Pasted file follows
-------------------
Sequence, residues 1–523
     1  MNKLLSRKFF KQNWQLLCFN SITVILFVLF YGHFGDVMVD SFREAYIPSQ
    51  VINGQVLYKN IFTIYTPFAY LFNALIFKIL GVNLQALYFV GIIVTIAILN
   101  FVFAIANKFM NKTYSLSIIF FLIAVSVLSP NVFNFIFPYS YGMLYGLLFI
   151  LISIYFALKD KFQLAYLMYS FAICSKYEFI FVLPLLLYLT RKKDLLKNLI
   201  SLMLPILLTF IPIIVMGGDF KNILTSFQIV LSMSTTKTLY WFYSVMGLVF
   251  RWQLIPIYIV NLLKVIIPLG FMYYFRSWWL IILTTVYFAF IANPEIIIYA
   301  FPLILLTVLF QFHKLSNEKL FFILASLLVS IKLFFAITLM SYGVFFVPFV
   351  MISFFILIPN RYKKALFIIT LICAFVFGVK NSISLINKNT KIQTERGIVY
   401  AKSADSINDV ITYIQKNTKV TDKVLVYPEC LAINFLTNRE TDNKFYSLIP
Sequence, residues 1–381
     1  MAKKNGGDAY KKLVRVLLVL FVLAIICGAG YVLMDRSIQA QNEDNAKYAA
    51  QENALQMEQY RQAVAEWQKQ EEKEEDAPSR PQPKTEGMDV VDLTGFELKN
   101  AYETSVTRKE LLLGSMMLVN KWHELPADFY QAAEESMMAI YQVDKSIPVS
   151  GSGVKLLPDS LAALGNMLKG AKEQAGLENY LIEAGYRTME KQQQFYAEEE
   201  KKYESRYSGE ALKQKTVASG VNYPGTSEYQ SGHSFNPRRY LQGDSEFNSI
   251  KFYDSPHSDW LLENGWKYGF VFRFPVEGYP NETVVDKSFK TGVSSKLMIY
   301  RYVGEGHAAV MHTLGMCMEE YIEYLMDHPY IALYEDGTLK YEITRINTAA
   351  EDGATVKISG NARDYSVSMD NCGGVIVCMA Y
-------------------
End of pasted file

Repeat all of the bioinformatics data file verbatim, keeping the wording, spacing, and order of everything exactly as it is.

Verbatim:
Sequence, residues 1–523
     1  MNKLLSRKFF KQNWQLLCFN SITVILFVLF YGHFGDVMVD SFREAYIPSQ
    51  VINGQVLYKN IFTIYTPFAY LFNALIFKIL GVNLQALYFV GIIVTIAILN
   101  FVFAIANKFM NKTYSLSIIF FLIAVSVLSP NVFNFIFPYS YGMLYGLLFI
   151  LISIYFALKD KFQLAYLMYS FAICSKYEFI FVLPLLLYLT RKKDLLKNLI
   201  SLMLPILLTF IPIIVMGGDF KNILTSFQIV LSMSTTKTLY WFYSVMGLVF
   251  RWQLIPIYIV NLLKVIIPLG FMYYFRSWWL IILTTVYFAF IANPEIIIYA
   301  FPLILLTVLF QFHKLSNEKL FFILASLLVS IKLFFAITLM SYGVFFVPFV
   351  MISFFILIPN RYKKALFIIT LICAFVFGVK NSISLINKNT KIQTERGIVY
   401  AKSADSINDV ITYIQKNTKV TDKVLVYPEC LAINFLTNRE TDNKFYSLIP
Sequence, residues 1–381
     1  MAKKNGGDAY KKLVRVLLVL FVLAIICGAG YVLMDRSIQA QNEDNAKYAA
    51  QENALQMEQY RQAVAEWQKQ EEKEEDAPSR PQPKTEGMDV VDLTGFELKN
   101  AYETSVTRKE LLLGSMMLVN KWHELPADFY QAAEESMMAI YQVDKSIPVS
   151  GSGVKLLPDS LAALGNMLKG AKEQAGLENY LIEAGYRTME KQQQFYAEEE
   201  KKYESRYSGE ALKQKTVASG VNYPGTSEYQ SGHSFNPRRY LQGDSEFNSI
   251  KFYDSPHSDW LLENGWKYGF VFRFPVEGYP NETVVDKSFK TGVSSKLMIY
   301  RYVGEGHAAV MHTLGMCMEE YIEYLMDHPY IALYEDGTLK YEITRINTAA
   351  EDGATVKISG NARDYSVSMD NCGGVIVCMA Y